Reporters will increasingly be needed for captioning outside of legal proceedings. All new television programming will continue to need closed captioning. In addition, federal regulations have expanded captioning requirements and set quality and accuracy standards for both live and prerecorded programs. Networks will likely increase their use of broadcast captioners in order to comply with these federal regulations.

Growth of the elderly population also will increase demand for simultaneous captioners who are communication access real-time translation (CART) providers or who can accompany their clients to doctor's appointments, town hall meetings, and religious services. In addition, movie theaters and sports stadiums will provide closed captioning for attendees who are deaf or hard of hearing.

However, employment growth may be somewhat limited because of budgetary constraints in state and local governments. In addition, the increased use of digital audio recording technology may hinder employment growth. Some states already have replaced stenographic court reporters with this technology; other states are currently assessing the reliability, accuracy, and costs associated with installing and maintaining digital audio and video equipment and software.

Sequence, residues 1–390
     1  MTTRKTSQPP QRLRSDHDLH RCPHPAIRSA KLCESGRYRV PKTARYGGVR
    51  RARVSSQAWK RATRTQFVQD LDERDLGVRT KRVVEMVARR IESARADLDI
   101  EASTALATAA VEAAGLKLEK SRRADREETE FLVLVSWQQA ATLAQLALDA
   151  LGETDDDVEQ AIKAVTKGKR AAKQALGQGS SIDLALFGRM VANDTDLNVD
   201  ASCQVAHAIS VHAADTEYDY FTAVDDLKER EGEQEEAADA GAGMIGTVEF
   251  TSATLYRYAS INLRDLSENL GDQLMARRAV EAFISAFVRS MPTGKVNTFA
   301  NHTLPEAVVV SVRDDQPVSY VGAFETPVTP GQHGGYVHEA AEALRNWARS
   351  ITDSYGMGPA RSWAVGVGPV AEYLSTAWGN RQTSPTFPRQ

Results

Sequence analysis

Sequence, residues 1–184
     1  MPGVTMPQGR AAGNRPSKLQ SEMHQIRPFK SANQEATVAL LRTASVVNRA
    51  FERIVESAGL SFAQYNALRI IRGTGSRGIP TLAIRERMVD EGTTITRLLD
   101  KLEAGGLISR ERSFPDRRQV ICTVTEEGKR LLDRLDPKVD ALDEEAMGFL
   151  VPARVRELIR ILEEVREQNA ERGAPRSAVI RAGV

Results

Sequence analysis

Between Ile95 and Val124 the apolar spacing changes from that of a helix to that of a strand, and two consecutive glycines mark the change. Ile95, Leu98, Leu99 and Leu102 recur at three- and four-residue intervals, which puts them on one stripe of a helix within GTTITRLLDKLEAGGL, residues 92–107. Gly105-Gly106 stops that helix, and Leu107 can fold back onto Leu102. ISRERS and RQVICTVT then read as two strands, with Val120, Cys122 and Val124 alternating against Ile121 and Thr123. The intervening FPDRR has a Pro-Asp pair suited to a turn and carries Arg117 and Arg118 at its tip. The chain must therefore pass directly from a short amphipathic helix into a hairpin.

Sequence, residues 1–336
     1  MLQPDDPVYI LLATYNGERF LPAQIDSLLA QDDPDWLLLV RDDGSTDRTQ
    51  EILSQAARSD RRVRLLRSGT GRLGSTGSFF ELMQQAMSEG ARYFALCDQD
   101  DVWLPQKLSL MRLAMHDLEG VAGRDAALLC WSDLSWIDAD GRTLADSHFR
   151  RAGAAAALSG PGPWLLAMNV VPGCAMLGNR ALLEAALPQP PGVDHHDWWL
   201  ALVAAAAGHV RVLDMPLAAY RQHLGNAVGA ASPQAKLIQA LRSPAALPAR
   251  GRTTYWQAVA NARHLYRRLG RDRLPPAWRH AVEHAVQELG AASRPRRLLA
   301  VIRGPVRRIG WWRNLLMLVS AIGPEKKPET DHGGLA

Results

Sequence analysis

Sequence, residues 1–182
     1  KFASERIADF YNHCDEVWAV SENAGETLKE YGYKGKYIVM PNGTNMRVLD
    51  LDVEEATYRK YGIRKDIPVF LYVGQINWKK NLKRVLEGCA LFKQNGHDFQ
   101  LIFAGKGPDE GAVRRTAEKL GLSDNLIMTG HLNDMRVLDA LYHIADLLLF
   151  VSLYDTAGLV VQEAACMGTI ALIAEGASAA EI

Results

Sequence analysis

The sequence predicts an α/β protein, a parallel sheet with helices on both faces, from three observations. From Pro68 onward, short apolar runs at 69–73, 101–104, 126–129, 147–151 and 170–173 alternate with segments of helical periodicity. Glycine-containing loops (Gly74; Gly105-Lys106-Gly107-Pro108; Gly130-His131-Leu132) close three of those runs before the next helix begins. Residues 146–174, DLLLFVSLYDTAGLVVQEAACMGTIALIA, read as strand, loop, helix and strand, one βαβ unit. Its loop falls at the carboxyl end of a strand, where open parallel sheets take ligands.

Even with the increased use of digital recorders, however, electronic reporters should still be needed to monitor the courtroom equipment and to transcribe, verify, and supervise the production of transcripts after proceedings have been recorded.

Job Prospects for Court Reporters and Simultaneous Captioners

About 1,400 openings for court reporters and simultaneous captioners are projected each year, on average, over the decade.

Many of those openings are expected to result from the need to replace workers who transfer to different occupations or exit the labor force, such as to retire.

Job prospects should be best for graduates of court reporting programs and for candidates with experience and training in CART and real-time captioning.

Employment projections data for Court Reporters and Simultaneous Captioners, 2019-29
Occupational Title Employment, 2019 Projected Employment, 2029 Change, 2019-29
Percent Numeric
Court reporters and simultaneous captioners 15,700 17,000 9 1,400


A portion of the information on this page is used by permission of the U.S. Department of Labor.